That would be crazy, right? But it is exactly what has been happening to patients with kidney disease for a long time, even though around 37 million people (14% of the population) in the U.S. have chronic kidney disease (CKD). Reasons for this exclusion are complex. Nonetheless, the research community must come together and find a way to ensure these patients are included in clinical trials.
Importance of Trials for Cardiovascular Disease (CVD) Treatments
Not only is renal disease common, but it often occurs alongside other ailments. For example, the association between CKD and CVD is well-known, so CVD therapies are likely to be prescribed for individuals with kidney disease. But renal patients are often excluded from safety and efficacy testing for such therapies, though in some cases, post-approval studies may expand the label to include them.
Exclusion of Renal Patients From CVD Clinical Trials
For example, an analysis of 22 major journals published between 2006 and 2014 showed that nearly half of randomized clinical trials targeting patients with chronic stable heart failure, acute myocardial infarction, atrial fibrillation, and stable coronary artery disease excluded patients with kidney disease. (Maini, Wong, Addision, et al. J Am Soc Nephrol. 2018.) This analysis covered 305 randomized trials with 696,935 participants. The authors concluded, “Given the increasing prevalence of kidney disease among patients presenting with CVD, the judicious broadening of trial eligibility is warranted.”
Another systematic review looked at 371 trials for CVD interventions, with 590,040 participants, between 2006 and 2013. (Konstantinidis, Nadkarni, Jacoub, et al. JAMA Intern Med. 2016.) Of these trials, 57% excluded patients with kidney disease. A table from this report shows the criteria used to determine exclusion. It also shows how often trials analyzed data from patients with renal disease as a subgroup — in other words, whether the studies took full advantage of including renal patients to correlate CVD and CKD data. Unfortunately, for the most part, they didn’t.
Why Sponsors May Not Include Renal Patients — and Why Renal Patients Might Not Participate
Including patients with kidney disease in research is challenging. Physical and social barriers can make it difficult for kidney patients to take part in clinical trials.
At the same time, the science is complex because kidney disease affects practically every organ system, and often, many organ systems all at once. Researchers may worry about controlling for confounding factors or about adverse effects, given low glomerular filtration rate (GFR) may alter the safety profiles of certain drugs and devices. (Decker, Kendrick. Adv Chronic Kidney D. 2014.)
Initiatives to Foster Inclusion of Renal Patients in Clinical Trials
Whatever the challenges, ensuring this growing patient population participates in clinical studies will benefit many people. A few initiatives exist to make this happen. Cardiologists and nephrologists are discussing the inclusion of patients with kidney disease in cardiovascular trials through efforts of the Kidney Health Initiative.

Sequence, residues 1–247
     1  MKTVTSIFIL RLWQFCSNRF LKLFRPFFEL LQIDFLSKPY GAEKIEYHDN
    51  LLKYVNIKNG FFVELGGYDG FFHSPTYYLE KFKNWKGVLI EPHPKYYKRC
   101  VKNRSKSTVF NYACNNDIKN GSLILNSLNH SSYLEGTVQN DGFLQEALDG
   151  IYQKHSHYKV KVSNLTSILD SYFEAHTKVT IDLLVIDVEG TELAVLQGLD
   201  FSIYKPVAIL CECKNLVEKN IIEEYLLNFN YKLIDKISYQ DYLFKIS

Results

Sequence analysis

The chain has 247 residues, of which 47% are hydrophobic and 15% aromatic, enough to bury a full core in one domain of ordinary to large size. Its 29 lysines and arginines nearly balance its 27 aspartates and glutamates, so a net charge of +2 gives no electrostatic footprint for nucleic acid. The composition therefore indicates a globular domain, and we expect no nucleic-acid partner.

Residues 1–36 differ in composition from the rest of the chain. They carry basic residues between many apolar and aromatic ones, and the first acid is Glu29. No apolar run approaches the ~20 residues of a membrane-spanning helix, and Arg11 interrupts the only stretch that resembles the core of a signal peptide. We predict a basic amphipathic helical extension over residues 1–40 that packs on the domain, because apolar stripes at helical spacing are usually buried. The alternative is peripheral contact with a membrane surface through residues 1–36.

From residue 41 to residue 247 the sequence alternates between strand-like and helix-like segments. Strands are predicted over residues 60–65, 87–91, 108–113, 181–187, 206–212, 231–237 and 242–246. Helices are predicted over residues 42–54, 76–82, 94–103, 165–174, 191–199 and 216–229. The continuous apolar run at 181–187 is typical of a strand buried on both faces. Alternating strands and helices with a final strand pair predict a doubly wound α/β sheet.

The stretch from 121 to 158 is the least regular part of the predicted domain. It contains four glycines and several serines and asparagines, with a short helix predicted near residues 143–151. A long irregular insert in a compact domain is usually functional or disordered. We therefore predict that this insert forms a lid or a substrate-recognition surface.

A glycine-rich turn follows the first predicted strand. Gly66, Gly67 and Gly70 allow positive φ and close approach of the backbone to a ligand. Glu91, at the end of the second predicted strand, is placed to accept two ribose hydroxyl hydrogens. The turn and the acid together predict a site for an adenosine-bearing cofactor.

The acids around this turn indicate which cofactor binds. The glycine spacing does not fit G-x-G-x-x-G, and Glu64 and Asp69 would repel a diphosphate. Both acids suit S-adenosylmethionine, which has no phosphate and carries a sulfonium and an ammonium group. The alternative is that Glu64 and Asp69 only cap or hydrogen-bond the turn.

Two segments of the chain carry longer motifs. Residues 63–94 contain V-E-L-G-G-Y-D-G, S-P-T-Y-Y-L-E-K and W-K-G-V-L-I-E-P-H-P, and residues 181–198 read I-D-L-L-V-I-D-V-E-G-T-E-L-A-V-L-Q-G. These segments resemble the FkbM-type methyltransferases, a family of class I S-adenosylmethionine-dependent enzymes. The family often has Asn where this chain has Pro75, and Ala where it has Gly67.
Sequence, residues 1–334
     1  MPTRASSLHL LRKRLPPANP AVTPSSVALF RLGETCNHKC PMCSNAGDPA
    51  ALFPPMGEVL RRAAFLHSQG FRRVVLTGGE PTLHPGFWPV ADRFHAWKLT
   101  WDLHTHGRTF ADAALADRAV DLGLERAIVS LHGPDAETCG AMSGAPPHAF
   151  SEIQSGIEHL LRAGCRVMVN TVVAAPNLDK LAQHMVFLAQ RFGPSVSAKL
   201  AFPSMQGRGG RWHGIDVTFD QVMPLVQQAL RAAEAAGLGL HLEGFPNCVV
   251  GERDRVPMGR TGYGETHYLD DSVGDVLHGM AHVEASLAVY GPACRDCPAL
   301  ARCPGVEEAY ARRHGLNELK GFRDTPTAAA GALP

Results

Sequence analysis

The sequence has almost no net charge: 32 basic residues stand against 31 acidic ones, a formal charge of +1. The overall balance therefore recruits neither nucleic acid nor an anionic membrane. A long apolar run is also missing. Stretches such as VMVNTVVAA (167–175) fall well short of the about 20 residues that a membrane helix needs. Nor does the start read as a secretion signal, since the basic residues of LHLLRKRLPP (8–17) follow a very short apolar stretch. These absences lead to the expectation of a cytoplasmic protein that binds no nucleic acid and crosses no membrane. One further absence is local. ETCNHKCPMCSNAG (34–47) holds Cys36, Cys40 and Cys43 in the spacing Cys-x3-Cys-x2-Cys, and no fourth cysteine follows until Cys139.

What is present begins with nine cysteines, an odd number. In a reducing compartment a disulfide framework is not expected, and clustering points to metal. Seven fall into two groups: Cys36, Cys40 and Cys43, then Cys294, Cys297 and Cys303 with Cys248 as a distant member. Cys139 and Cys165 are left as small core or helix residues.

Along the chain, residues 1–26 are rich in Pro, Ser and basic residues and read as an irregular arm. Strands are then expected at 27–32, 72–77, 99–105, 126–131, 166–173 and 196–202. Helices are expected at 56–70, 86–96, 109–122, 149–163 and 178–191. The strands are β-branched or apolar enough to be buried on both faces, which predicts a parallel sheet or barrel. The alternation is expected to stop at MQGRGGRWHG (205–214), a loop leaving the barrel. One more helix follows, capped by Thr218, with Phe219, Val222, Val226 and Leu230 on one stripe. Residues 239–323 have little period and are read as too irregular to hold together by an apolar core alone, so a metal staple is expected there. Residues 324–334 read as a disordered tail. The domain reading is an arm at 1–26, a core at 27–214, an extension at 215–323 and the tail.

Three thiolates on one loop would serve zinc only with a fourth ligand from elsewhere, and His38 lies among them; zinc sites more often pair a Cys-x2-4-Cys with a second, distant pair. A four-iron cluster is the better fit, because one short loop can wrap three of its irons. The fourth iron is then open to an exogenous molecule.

At the same time, the FDA has issued a new draft: Enhancing the Diversity of Clinical Trial Populations — Eligibility Criteria, Enrollment Practices, and Trial Designs Guidance for Industry. This guidance encourages researchers to increase diversity in enrollment by broadening eligibility criteria so that clinical trials better reflect the populations most likely to use the drugs under consideration. To this end, the section on trial design and methodological approaches includes the following language encouraging sponsors to characterize metabolism and clearance in various subpopulations early (lines 140-147):
Consider characterizing — in early clinical development — drug metabolism and clearance across populations that may metabolize or clear the drug differently (e.g., across the elderly and patients with liver or kidney dysfunction). Early characterization of drug metabolism and clearance across groups will help avoid later exclusions. Alternatively, an expansion cohort may also allow dose modification and may be used to assess a reasonably safe dose in specific populations in which there may be significant differences in the systemic exposure to the investigational drug (e.g., pediatric or elderly participants or participants with organ impairment).
Inclusion of Renal Patients Is Feasible — and Help Is at Hand
If we work together, including renal patients in clinical trials can become more commonplace. While there are sometimes valid reasons to exclude some patients, including the renally impaired, following the FDA guidance in characterizing drug metabolism and clearance for special populations, may enable patients with renal disease to be included more often, possibly as separate cohorts. And Frenova can help. With our understanding of renal patients and their care, we can streamline the clinical trial process, ensure the collection of useful data, prevent surprises as trials progress — and bring a little balance to the world of clinical trials.